Skip to main content

Nutritionists from Tanzania turn knowledge into action

Tanzania workshops
Mark Vorreuter/College of Human Ecology
Jeanne Moseley, Luitfrid Nnally, Clara Mollay, Rebecca Stoltzfus and Rune Philemon brainstorm potential goals for community nutrition in rural Tanzania during workshops with Cornell Division of Nutritional Sciences faculty members and researchers on Cornell's campus.

Ten nutrition experts from five Tanzanian institutions spent two weeks on campus Oct. 19-30 with Division of Nutritional Sciences faculty members and researchers as part of the second phase of a project to improve live-saving nutrition interventions and education at the local level in Tanzania.

The collaborative project, “Building Strong Nutrition Systems: Implementation Science in Support of Scaling up Nutrition,” is funded by a grant from the Bill & Melinda Gates Foundation. Cornell nutritional sciences professor Rebecca Stoltzfus, director of the Global Health Program in the College of Human Ecology, is co-principal investigator on the project along with Mary Mosha, a lecturer in the Department of Community Health at Kilimanjaro Christian Medical University College.

The first phase of the partnership, held last year, assessed the nutrition knowledge held by community- and district-level medical and educational staff and others in several Tanzanian communities.

The project’s aims are emphasized by sobering statistics: Globally, more than a third of children suffer from malnutrition; eliminating childhood malnutrition would reduce child deaths by about 35 percent and could help break the intergenerational cycle of poverty.

The program’s strategy depends on the “scaling-up nutrition” (SUN) model: training a sustainable, in-country workforce at the community level in nutrition education and effective interventions. Currently, project leaders say, weaknesses in the capacity to deliver high-quality nutrition interventions at scale in Tanzania affect the health and well-being of 7.3 million children and 10.9 million women of reproductive age and, consequently, the social and economic development of the nation.

The second phase looked at developing an innovative nutrition curriculum and the best ways to implement it for Tanzanian nutrition workers and others early next year.

Akwilina Mwanri, a lecturer in human nutrition at Sokoine University of Agriculture in Tanzania, said interviews with groups and community members in Tanzania during the first phase did indeed find gaps – people reported not having regular contact or access to consultants who are supposed to assist in nutrition education, as well as a lack of awareness of nutritionists in general.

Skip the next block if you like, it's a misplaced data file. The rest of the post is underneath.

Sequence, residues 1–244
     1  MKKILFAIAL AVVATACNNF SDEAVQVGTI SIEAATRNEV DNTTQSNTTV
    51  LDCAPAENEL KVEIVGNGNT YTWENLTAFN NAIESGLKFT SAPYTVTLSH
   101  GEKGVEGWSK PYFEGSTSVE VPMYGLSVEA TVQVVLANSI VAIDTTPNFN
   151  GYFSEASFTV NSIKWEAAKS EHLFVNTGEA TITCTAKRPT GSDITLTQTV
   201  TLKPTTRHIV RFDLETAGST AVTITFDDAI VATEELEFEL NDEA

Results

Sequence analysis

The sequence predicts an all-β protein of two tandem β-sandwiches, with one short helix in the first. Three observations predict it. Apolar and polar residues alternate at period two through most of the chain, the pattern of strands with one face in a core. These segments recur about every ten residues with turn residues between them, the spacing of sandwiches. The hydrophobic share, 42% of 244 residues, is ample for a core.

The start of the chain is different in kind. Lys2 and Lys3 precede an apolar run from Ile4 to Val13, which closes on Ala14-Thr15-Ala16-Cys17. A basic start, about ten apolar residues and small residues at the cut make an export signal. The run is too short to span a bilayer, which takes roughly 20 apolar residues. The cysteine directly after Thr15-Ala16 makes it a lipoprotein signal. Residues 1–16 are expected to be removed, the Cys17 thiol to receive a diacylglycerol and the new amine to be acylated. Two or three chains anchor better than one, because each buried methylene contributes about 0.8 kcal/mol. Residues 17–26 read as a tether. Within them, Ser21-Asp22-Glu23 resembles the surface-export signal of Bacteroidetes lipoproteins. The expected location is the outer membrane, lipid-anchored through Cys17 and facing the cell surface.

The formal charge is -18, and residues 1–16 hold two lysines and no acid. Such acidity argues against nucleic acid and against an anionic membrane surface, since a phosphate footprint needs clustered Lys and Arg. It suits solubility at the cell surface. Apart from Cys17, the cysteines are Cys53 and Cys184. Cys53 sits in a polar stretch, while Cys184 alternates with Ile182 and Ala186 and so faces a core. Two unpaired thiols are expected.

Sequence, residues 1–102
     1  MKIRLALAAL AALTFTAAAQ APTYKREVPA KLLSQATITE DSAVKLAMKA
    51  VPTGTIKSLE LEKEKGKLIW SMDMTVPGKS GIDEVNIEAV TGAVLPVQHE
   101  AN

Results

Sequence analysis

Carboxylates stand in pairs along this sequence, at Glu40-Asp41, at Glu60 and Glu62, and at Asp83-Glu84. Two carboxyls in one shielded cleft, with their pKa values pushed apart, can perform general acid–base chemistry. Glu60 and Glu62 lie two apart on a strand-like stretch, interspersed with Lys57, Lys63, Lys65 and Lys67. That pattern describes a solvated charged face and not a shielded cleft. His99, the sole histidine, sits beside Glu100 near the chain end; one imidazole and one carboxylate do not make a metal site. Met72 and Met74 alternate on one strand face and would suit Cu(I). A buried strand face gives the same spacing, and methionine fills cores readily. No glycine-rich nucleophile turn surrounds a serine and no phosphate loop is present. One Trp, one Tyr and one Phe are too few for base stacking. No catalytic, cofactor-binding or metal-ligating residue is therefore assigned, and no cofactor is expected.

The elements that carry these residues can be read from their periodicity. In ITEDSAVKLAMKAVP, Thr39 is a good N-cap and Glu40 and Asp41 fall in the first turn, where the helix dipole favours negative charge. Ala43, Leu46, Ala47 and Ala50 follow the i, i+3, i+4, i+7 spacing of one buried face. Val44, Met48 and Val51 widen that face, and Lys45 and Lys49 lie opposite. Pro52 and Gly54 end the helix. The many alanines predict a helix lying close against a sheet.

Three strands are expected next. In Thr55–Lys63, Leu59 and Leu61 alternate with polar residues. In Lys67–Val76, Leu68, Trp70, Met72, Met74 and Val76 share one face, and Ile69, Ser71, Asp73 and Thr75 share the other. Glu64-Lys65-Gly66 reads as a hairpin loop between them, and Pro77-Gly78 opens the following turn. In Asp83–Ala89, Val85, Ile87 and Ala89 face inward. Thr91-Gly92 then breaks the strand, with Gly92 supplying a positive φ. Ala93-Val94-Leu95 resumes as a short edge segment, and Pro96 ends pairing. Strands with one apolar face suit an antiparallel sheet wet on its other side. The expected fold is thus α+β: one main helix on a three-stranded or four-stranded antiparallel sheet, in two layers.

“What they are aware of is the health officer and the clinical officers at the dispensary,” Mwanri said. “So whenever you talk about nutrition, they will tell you about the medical officers and the nurses at the dispensary. But nutrition as nutrition is not known at the community [level].”

Said Stoltzfus, “At the national policy level, Tanzania is a very good example of having a very forward-looking, national nutrition strategy where nutrition is seen as being very much a part of the development agenda, food security, healthy diets, infant feeding and good nutrition for mothers … but when we went down to the grassroots level, we found this big gap and lack of understanding.”

Strategies to move forward

Mary Mosha
Mark Vorreuter/College of Human Ecology
Mary Mosha, a lecturer in community health from Kilimanjaro Christian Medical University College, discusses the geography of malnutrition in Tanzania.

The goal of the two-week session at Cornell was “to turn knowledge into action and build a strategy to move forward, Mosha said.

One recommended strategy was making nutrition policy more visible via a district nutrition officer in each community or village, one who would serve as an advocate for nutrition, Mwanri said.

Luitfrid Peter Nnally, a research officer in nutrition for the Tanzanian Food and Nutrition Center, said challenges exist at multiple levels, such as finding “the power brokers at the district level” and navigating the politics and decision-making bodies of Tanzanian wards and villages to advocate for nutrition policy intervention.

“In Tanzania, a lot of action depends upon relationships,” Stoltzfus said. “And being there in the community, being face to face – education in Tanzania is most effective when it is in person, dialogical and participatory. So we’re trying to figure out some ways to use [our] resources … but also to use the educational institutions in Tanzania and even their students, who often go to the community, to build relationships.”

Each of the participating Tanzanian institutions will likely choose one district or community as a model to try out recommendations, curricula and capacity-building resources that come out of the workshop; near the end of the two-year project, recommendations then will be shared based on what worked well.

“Tanzania is a country of great cultural diversity and ecological diversity, so each district is not the same, and so having several institutions, each working in a different district, will enrich our knowledge a lot in the coming year,” Stoltzfus said.

“This was a great opportunity,” said Mwanri of the workshop. “Even for us, from institutions in Tanzania, we rarely meet and have discussions about our nutrition issues in our country like this. We also have created a new networking system [where] it’s easier for us to know who is doing what at Cornell, who can we collaborate with and who can assist in this issue.”

Participating Tanzanian institutions are the Tanzania Food and Nutrition Center and four universities: Kilimanjaro Christian Medical University College, Sokoine University of Agriculture, Muhimbili University of Health and Allied Sciences, and the Nelson Mandela-African Institute for Science and Technology.

Media Contact

Melissa Osgood